The Malta Independent 4 December 2020, Friday

The superlative budget that forgot the common good

Peter Agius Wednesday, 21 October 2020, 07:43 Last update: about 2 months ago

PM Abela’s statements right after the budget speech reminded me of my primary school and a particular school mate. He was not best company for the jealous. He had the nicest pocket, the biggest house and the fastest car. Just like Abela, he made it a point of stressing his superlative qualities. At the end of the day, that did not matter much when he had to sit for exams with the rest of the class.

On Monday, Abela threw it in our face at least six times, that this was the best budget ever, that he was handling a crisis with mastery never seen before and that this budget was better than that of former PM Lawrence Gonzi who was dealing with a ‘much smaller crisis’ referring to the 2008 sub-prime financial crises. For a moment, I thought it was Trump on CNN rather than Abela on TVM.

ADVERTISEMENT

But beyond the propaganda so effectively churned on TVM and on Labour’s own propaganda machines online and on air, is this budget so superlative as it is painted?

The answer to that rests in the context. Does it provide answers to the unprecedented threats of Covid-19 and the Moneyval report coming up? We cannot assess this budget before a thorough analysis of the context to which it should provide stimuli and answers. As a first, our people are faced with an exponential infection rate of Covid-19 together with a worrying downturn on critical industries especially on tourism as a main driver of employment and investment in Malta. Secondly, we have an infringement action in front of the highest judicial institution in Europe accusing our country of breaching the trust binding EU countries together, and an impending Moneyval degradation of Malta’s trustworthiness that, unless averted, would put thousands of high end jobs at risk.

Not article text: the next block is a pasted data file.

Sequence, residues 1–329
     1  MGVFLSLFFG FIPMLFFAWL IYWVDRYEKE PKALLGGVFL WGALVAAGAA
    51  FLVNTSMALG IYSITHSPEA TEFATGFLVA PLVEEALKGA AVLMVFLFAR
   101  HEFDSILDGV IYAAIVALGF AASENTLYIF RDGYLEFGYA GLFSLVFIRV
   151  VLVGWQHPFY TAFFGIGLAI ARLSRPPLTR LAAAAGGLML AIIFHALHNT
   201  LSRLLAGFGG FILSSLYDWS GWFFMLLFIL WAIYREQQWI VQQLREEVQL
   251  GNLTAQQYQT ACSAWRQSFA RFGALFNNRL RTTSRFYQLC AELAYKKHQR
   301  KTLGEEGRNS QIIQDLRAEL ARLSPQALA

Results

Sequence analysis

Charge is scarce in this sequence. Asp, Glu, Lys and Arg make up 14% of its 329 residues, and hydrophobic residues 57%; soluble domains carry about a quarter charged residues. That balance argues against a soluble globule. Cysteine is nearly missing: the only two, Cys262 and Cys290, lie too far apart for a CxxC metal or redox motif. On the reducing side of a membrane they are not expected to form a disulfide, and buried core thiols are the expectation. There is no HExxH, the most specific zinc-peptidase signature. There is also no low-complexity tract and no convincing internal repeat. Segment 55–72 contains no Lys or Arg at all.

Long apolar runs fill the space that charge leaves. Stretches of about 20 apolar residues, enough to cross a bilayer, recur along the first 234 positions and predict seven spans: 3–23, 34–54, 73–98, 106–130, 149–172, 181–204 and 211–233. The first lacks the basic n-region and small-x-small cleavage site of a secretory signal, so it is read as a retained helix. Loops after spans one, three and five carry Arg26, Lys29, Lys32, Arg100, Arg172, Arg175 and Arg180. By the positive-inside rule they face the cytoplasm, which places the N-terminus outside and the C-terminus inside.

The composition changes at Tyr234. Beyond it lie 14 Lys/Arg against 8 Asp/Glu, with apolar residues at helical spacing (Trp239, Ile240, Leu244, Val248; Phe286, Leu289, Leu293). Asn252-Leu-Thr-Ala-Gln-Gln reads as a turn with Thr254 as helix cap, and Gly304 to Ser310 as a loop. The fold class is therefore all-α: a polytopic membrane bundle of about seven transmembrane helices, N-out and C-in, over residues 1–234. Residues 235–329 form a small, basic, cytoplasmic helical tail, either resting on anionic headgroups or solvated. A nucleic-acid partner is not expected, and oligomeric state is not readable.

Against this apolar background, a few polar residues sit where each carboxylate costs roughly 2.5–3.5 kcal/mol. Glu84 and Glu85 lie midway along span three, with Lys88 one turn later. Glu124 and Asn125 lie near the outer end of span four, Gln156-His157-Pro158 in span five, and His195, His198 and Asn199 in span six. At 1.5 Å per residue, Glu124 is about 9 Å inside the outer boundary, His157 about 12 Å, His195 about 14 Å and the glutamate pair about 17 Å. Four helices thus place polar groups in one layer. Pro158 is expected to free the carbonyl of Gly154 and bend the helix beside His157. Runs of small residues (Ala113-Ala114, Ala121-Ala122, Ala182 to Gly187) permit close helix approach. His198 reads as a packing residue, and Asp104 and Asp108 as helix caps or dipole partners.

That is the context to which I expect answers from Abela and Scicluna. Did they provide answers? Not really. The propaganda and the adjectives of biggest, best and nicest will not address the growing threats to our economy and our population unless addressed with sincere efforts underpinned by a change of direction from the top. That is maybe why indiscretions have it that this was Scicluna’s last speech.

On tourism, we have all witnessed how the summer season had to be interrupted due to the rash and perverse strategy of attracting the partygoers to careless pool parties and festa marches. That Government immaturity costed us months of precautions to contain the virus and threw thousands of investment and potential profits down the drain. Rather than being so pompous about his vouchers and mini-hand-outs, Abela should start with an act of contrition and remember that he was living the good life in Marina di Ragusa when the honourable Julia Farrugia Portelli was cooking the recipe for disaster for our tourism industry and the rest of our population.